Kim Ng: a Baseball First, at Last
November 19, 2020 11:56 PM   Subscribe

Kim Ng's Hiring Could Be The Start Of Something Special In Miami - "Long-overdue baseball history was made late last week when the Miami Marlins announced they had hired Kim Ng as general manager. Ng is MLB's first female GM, as well as the sport's first Asian American GM, and she is also the first woman to serve as general manager in any major North American men's league."
Ng’s ascendance to the GM chair has been a long time coming. In fact, she might be one of the most qualified first-time GMs ever, based on her wealth of previous experience. After graduating from the University of Chicago in 1990, Ng began her MLB path as an intern with the Chicago White Sox, quickly becoming a full-time analyst with the club and then its assistant director of baseball operations. There, she became the youngest person — and first woman — to present an arbitration case, ultimately winning Chicago its bid over pitcher Alex Fernandez’s salary.

In 1998, Ng was named assistant GM of the New York Yankees under Brian Cashman, at the time becoming (at age 29) the youngest person in MLB to hold that post. She would go on to win three championships with the Yankees, part of a dynasty that also included current Marlins CEO Derek Jeter at shortstop. Ng spent the next decade as the Los Angeles Dodgers’ vice president and assistant GM, and she had been with MLB’s league office as its senior vice president of baseball operations since 2011.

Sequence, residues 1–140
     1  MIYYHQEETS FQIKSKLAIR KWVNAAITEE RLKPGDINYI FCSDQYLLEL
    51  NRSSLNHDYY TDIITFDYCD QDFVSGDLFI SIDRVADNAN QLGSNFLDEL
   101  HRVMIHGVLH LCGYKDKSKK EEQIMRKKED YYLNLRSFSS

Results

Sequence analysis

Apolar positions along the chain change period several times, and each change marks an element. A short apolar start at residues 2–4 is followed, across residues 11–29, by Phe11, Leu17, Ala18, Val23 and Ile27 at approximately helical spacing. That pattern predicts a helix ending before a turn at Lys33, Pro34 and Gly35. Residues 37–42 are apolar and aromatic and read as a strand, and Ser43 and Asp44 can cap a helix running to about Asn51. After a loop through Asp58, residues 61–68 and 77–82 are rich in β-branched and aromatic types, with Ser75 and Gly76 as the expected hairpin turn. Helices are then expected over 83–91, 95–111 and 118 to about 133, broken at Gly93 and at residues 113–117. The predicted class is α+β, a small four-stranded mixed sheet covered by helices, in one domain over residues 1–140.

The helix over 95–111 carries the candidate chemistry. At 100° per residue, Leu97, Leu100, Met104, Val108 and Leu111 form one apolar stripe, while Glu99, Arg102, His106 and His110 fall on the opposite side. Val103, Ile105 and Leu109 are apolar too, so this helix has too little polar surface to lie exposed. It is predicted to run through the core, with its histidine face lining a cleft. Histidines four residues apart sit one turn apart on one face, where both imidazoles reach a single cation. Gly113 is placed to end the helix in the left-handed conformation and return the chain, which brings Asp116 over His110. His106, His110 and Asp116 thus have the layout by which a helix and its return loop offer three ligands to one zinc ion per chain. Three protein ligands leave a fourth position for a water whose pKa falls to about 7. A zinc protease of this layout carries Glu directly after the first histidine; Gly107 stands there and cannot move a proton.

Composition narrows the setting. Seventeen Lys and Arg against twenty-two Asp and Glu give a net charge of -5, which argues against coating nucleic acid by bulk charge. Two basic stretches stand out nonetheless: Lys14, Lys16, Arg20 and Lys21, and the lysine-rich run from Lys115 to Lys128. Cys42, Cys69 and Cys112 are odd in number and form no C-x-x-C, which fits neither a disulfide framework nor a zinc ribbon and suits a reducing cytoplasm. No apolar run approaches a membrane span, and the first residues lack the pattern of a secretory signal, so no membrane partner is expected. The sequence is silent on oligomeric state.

Ng was seemingly on the short list for every GM opening in the past decade but was repeatedly passed over. According to ESPN’s Stats & Information Group, Ng previously interviewed for GM jobs with the Dodgers, Los Angeles Angels, San Diego Padres (twice) and Seattle Mariners. Now that she is finally getting her chance with the Marlins, though, it is likely that Ng is exceptionally well-prepared to succeed for the same reason that members of other historically underrepresented groups tend to shine once they are finally given a fair opportunity... People who tear down barriers of prejudice have to be that much better in order to reach the same level of status as those who don’t face discrimination.